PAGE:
Of all our trips and adventures, our annual fall Pilgrimage to Algonquin Park is always one of our more anticipated. Although we spent a fortnight in the park, our time flew by way too quickly. As always, we had a marvelous time with the friends we have met over the years. It was great to rekindle our camaraderie and create tighter bonds. We did miss a few of our friends that either couldn’t make it or arrived and left at different times, but it was still a special time with those who were around during our stay.
The weather was beyond amazing, especially for camping; warm and sunny with many evenings in the double digit Celsius temperatures. It was actually warm enough to take a couple of dips in the lake, not a common practice during most of our fall Algonquin trips. Most evenings were cloudless and calm, making it perfect for sitting around the campfire with friends under the starry sky with the wolves howling in the distance. Because we were there for two weeks, we watched the moon go from full to crescent. Our first few nights with the full moon brightening up the landscape were magical.
We experienced a few frosty mornings and only 2 days of rain. In fact, it was too sunny, making landscape images rather difficult after 9am. But the early mornings were very nice with plenty of fog and mist for a good hour or more on some days.
The wildlife sightings were lower than the past few years. Moose sightings were very rare and it was the topic of discussion at many gatherings and roadside meetings. Perhaps it was because of the warm weather. Who knows? We did see some wildlife. A Black Bear was trotting down Hwy 60 and stopped to defecate on the shoulder of the road. Beavers were busy working the ponds and bays, an otter on Wolf Howl Pond, Pine Marten running through a Mew Lake campsite, a few migrant birds including a variety of sparrows and warblers, American Pipits, Rusty Blackbird and Wood Ducks. Great Blue Herons, American Robins and Grackles were still hanging around as well. The warm weather gave an extension to the lifespan of many dragonflies and damselflies, another rare sight in late September early October.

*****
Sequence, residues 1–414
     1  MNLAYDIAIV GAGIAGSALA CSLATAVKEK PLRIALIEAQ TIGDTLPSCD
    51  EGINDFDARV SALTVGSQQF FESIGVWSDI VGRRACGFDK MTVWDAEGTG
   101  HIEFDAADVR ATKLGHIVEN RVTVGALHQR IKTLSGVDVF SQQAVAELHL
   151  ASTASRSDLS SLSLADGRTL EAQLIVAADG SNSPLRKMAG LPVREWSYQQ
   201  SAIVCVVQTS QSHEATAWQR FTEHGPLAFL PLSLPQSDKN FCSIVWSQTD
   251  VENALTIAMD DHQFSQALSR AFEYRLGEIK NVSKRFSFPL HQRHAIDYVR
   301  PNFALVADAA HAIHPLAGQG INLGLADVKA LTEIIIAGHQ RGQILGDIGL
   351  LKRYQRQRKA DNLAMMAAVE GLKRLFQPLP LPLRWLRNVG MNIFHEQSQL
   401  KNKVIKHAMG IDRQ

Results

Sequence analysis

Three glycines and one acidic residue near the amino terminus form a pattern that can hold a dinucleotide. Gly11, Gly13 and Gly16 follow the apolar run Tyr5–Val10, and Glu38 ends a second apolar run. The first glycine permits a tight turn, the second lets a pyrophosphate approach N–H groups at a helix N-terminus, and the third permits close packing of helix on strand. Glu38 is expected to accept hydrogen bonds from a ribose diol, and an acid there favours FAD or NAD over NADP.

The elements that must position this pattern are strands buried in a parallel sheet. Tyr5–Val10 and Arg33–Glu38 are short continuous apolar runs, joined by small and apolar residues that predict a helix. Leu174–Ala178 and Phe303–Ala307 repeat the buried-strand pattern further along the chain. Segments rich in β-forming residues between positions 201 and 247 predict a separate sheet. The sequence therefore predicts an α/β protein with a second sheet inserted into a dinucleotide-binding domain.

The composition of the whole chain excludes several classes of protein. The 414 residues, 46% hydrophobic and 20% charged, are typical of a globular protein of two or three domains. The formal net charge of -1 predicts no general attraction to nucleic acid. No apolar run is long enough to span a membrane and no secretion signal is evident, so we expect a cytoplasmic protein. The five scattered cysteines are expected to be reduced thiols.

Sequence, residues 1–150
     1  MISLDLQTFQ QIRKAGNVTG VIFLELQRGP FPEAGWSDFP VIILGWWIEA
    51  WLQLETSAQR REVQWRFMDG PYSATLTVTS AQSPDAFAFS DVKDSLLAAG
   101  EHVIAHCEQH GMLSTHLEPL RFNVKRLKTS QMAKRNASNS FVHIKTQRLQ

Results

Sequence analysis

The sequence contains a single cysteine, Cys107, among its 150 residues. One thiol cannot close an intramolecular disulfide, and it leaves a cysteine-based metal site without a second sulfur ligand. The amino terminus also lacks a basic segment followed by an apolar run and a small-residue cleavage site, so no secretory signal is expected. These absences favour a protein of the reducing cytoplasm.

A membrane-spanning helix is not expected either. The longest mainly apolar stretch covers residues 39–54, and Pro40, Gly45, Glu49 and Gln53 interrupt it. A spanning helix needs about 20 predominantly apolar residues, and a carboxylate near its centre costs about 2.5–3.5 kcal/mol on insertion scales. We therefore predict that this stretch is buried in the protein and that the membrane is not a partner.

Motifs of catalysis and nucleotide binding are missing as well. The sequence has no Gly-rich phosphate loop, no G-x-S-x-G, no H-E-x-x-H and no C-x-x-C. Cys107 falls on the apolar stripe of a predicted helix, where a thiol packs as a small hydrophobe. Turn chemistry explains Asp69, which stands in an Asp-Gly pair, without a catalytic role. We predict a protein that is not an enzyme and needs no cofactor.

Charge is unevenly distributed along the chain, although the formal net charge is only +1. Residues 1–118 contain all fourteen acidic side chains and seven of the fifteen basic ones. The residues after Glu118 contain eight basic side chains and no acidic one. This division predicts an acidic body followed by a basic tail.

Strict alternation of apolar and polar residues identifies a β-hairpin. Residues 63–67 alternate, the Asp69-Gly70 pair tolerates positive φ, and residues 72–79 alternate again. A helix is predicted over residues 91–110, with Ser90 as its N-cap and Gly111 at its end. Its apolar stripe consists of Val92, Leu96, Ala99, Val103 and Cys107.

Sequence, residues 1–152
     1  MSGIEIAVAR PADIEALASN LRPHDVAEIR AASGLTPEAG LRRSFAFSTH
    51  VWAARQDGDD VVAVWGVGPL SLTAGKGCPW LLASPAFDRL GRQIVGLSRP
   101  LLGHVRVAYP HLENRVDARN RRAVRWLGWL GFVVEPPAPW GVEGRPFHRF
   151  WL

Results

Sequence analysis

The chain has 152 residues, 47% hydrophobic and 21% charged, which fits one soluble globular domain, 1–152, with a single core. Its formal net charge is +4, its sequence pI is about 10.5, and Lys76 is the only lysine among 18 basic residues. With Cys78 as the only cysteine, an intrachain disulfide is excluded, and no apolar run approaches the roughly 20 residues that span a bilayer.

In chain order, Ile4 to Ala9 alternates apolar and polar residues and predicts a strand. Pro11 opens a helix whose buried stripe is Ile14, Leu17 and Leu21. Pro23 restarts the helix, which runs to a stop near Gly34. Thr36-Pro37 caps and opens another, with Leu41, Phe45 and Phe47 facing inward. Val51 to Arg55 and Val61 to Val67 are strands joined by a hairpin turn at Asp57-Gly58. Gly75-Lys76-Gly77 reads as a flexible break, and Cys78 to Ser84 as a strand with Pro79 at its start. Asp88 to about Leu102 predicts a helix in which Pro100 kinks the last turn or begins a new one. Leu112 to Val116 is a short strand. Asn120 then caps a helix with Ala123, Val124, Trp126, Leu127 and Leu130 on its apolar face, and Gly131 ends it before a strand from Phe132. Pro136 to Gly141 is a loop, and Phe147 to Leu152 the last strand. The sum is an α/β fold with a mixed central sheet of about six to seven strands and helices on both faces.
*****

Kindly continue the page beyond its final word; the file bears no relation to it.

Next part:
Because of the weather and lack of wildlife sightings, we spent quite a bit of time hiking around. Centennial Ridges, Wolf Howl Pond, a variety of shorter Highway 60 trails, and a few closed campgrounds were all explored in search of photo opportunities. Paddling in the still waters was more of a treat under the warm sun and a boat ride on Opeongo Lake proved to be one of the highlights of our trip.
But best part of the visit was the people in the park: The friends and acquaintances we meet every year, new friends we met for the first time, our evening at the VC “Celebrating Algonquin”, splendid dinners at the Mad Musher with great company and talking with the awesome staff at the Algonquin Outfitter’s Opeongo store during our morning coffee break. These were the moments that made the trip extra special.
Yellow-rumped Warbler photo by Kathy deGroot
White Crowned Sparrow photo by Kathy deGroot
American Pipit photo by Kathy deGroot
White-tailed Deer Photo by Tony deGroot
Mating Canada Darners photo by Tony deGroot
Juvenile Great Blue Heron photo by Kathy deGroot
Zoom Effect photo by Tony deGroot
Pine Tree Along the Madawaska photo by Tony deGroot
Brilliant Fall Colours photo by Tony deGroot
View of Whitefish Lake photo by Tony deGroot